The worst of the flood appears to be over. Photos and hydrometric gauge data show water receding around Hay River and the Kátł’odeeche First Nation.
However, both the Town of Hay River and KFN Chief April Martel have firmly stated residents need to keep away for the time being while critical damage assessments and repair work take place.
The main concern in Hay River is a badly damaged sewage system, leaving many homes without working sewers. A boil-water advisory remains in effect. Some areas don’t have power.
Shortly before 4pm on Friday, the NWT’s Department of Environment and Natural Resources said the water level had reached a peak on Thursday morning. Ice had since begun to clear from the river channels around the town, ENR said, and water levels were receding.
“According to provisional data, water levels at the gauge site have dropped almost five metres since the peak yesterday morning,” ENR said on Friday afternoon.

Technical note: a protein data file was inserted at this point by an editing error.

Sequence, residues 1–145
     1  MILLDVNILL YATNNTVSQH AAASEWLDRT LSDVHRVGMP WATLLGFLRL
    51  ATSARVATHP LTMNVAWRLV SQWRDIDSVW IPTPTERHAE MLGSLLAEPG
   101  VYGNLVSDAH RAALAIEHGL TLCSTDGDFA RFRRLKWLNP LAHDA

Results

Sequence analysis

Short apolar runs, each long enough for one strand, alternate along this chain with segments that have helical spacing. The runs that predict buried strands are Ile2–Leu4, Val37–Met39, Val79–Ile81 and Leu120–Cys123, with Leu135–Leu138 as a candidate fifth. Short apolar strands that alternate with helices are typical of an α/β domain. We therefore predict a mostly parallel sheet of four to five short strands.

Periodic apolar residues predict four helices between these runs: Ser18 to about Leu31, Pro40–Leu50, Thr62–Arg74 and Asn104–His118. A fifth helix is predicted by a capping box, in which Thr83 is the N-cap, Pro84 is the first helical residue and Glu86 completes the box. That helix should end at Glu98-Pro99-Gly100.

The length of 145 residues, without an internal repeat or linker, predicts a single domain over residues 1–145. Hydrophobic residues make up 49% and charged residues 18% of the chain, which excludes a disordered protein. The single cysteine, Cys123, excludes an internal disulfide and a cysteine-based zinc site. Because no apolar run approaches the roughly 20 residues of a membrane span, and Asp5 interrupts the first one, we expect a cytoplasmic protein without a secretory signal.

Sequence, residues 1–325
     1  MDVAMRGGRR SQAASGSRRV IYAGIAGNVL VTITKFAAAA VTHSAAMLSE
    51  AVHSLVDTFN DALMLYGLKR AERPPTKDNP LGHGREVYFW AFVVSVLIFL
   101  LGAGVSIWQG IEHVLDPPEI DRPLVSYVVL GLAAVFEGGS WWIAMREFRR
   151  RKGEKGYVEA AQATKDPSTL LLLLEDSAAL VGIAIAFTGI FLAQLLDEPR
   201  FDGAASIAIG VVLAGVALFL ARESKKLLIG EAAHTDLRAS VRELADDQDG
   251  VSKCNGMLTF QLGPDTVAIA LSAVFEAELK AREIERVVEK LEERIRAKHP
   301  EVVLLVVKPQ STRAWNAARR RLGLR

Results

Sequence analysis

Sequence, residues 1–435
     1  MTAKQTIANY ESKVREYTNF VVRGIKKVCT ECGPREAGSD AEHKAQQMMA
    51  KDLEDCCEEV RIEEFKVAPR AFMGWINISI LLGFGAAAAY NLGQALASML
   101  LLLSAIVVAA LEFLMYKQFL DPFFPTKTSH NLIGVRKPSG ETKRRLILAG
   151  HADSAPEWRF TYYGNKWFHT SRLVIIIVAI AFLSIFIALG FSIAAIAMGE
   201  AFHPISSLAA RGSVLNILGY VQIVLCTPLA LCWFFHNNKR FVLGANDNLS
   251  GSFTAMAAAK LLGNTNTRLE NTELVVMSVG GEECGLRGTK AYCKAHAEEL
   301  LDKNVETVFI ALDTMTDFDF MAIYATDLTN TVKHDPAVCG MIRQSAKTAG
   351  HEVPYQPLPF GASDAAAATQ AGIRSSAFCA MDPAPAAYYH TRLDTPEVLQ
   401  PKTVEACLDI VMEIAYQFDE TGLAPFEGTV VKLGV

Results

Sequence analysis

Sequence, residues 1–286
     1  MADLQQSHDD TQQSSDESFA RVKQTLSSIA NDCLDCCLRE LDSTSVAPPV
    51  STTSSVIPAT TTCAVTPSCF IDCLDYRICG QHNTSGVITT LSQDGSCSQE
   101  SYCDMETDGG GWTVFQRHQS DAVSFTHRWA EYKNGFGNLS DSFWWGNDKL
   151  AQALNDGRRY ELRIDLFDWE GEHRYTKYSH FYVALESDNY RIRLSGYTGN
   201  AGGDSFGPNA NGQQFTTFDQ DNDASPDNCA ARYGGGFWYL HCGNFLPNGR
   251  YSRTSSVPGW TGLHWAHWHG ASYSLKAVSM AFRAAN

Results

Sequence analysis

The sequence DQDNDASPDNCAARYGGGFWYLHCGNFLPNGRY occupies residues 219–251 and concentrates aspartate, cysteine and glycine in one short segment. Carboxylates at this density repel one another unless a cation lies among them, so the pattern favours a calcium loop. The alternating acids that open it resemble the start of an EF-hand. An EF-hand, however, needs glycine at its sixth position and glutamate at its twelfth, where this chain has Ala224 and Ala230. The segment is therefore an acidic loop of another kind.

While that news will be welcomed by evacuees and the municipality, the town still faces a huge cleanup even to restore Hay River to a level of service at which residents can return.
Hay River remains off-limits except for emergency access or recovery work that has been given “explicit approval,” the town said at 1pm.
“Several areas of the town are currently inaccessible, and water and sewer services are compromised.
“If you are not directly involved with the disaster response process, do not return at this time.”
Chief Martel dispelled a rumour that the First Nation was reopening to residents, pointing to the same issues as those experienced in neighbouring Hay River.
It’s likely to be at least Sunday before any residents of the communities are allowed to return. Yellowknife is preparing for some evacuees to face a significantly longer stay, depending on the length of the cleanup.
Appearing to pre-empt the frustration of some residents eager to check on their homes, the town issued a stern plea for people to stay away.
“It is critical that residents understand that their presence here is detrimental to our recovery effort,” the town stated.
“The sewer infrastructure system is interconnected, and wastewater will impact other zones. The town has not confirmed the availability of essential services, including health, food, transportation etc.”